7. Timberwolves (18-13, LW 10). Minnesota keeps winning, but here’s the thing that would concern me as a T-Wolves fan (or if I’m Tom Thibodeau): Minnesota has played the easiest schedule in the NBA to this point (tied with the Cavaliers). Well, that and the fact the defense still struggles (it’s bottom 10 in their last 10 games, 25th for the season). And the fact Thibodeau is again running his stars into the ground — Andrew Wiggins, Karl-Anthony Towns, and Jimmy Butler are all in the top 10 in the league in total minutes played. Minnesota has the point differential of a 16-15 team and those things tend to even out. They will play on Christmas Day against the Lakers in a game where the NBA wants to show off its young stars.

 
Pacers small icon 8. Pacers (17-14, LW 7). Indiana’s ball movement has slowed down recently, and on an offense-driven team that led to tougher, contested shots — but none of that seems to matter to Victor Oladipo, who keeps going off (38 in the loss to Boston Monday). The Pacers were one of the hot teams in close games to start the season, but that scale is balancing out (as it tends to) with close losses to the Thunder, Pistons, and Celtics recently. Good news is the schedule gets soft for the next week.

 
Wizards small icon 9. Wizards (17-14, LW 12). John Wall is back but the Wizards offense hadn’t found a groove again — despite a couple of wins in a row — until they ran into New Orleans Monday. Mike Scott has stepped up with Otto Porter out, in his last five games he has averaged 16.6 points per game on 67.9% shooting, and hitting 42.9% from three in that stretch. Washington will take on the Celtics on Christmas Day, with a chance to make a statement they belong in the top four in the East (despite the Wizards’ inconsistent play this season).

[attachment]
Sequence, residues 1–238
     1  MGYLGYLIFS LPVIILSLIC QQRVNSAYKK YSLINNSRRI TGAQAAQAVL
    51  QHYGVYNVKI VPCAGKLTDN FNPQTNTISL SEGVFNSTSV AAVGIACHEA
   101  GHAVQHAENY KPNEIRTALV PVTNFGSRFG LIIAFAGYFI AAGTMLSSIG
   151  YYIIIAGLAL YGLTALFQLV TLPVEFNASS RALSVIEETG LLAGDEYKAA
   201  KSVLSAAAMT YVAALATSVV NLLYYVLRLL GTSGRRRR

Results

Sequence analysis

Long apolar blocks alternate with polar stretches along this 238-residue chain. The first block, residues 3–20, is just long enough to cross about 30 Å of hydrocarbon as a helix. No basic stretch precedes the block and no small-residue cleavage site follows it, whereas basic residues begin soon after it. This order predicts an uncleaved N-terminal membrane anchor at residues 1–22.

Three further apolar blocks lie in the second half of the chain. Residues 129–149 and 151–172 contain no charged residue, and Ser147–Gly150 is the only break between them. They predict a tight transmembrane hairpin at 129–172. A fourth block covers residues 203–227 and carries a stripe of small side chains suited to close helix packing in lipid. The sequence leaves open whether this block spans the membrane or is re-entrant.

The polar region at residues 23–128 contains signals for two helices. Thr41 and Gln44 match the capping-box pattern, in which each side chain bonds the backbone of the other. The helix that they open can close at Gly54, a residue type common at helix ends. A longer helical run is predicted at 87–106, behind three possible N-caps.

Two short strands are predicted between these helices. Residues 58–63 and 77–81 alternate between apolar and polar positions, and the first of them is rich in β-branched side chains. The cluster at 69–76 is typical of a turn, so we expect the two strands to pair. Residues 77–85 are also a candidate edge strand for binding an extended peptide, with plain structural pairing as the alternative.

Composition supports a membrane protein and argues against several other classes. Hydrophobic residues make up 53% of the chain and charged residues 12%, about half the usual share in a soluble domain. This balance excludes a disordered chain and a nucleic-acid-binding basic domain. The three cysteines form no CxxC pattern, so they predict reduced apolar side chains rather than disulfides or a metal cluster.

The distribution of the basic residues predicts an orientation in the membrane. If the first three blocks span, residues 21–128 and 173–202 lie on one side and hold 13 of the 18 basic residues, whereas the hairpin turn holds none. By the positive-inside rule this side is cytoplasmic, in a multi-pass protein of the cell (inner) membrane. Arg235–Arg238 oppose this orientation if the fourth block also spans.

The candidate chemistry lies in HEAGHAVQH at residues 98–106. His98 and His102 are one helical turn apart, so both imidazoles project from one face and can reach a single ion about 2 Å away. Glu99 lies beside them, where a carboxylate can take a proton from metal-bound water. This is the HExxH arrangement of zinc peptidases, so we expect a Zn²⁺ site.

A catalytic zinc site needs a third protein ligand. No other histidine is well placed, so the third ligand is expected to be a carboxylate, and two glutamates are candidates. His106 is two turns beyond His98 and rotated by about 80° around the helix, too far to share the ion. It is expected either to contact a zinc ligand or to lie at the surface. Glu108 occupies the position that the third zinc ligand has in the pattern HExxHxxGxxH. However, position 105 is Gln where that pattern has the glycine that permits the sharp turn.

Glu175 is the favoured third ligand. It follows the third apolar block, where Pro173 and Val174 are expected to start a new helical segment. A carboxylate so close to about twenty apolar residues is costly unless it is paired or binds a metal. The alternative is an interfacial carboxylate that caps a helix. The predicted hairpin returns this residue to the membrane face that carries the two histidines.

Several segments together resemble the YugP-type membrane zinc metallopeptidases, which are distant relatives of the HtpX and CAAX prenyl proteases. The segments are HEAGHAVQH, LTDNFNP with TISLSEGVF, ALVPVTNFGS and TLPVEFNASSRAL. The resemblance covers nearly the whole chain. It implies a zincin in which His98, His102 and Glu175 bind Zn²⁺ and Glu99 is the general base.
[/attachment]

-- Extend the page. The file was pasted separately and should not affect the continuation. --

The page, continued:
Pistons small icon 10. Pistons (17-13, LW 13). The Pistons snapped out of their seven-game losing streak and won three in a row now, including a quality win over the Pacers on the second night of a back-to-back. The offense has seen a boost with Luke Kennard getting starts (Avery Bradley is out) and Reggie Bullock playing well and finding his stroke from three once he moved into the starting lineup.

 
Nuggets small icon 11. Nuggets (16-14, LW 11). Denver struggled without Nikola Jokic, going 2-4, but he’s back now just in time for a key stretch of games against the other teams fighting for one of the last playoff slots in the West. The Nuggets beat the Pelicans in overtime but fell to the Thunder. Their next run of games: Timberwolves, at Trail Blazers, at Warriors, Jazz, and at Timberwolves. Rack up some wins here and it helps the playoff cause.

Bucks small icon 12. Bucks (16-13 LW 8). The Bucks had lost three in a row and in that stretch their defense had been the big problem — and it was again against the Cavaliers Tuesday night (Milwaukee is still 24th in the league on the season defensively). However, against the Cavs, their athleticism and offense overcame the defensive issues. Rumor is the Bucks have been active as potential buyers on the trade market, but the trade will have to be close to even financially (the Bucks are just about $5 million short of the tax line, and ownership does not want to cross it). Also, they get Jabari Parker back in February.

 
Knicks small icon 13. Knicks (16-14, LW 15). Kristaps Porzingis’ defense at the rim this season has been spectacular, opponents are shooting just over 40% in the restricted area when he is the primary defender, and when KP is switched onto the pick-and-roll ball handler they are shooting just 34.9%. The Knicks are playing on Christmas Day again, and interestingly their game against the Sixers has a higher secondary market ticket price than Cavaliers at Warriors (according to TickPick).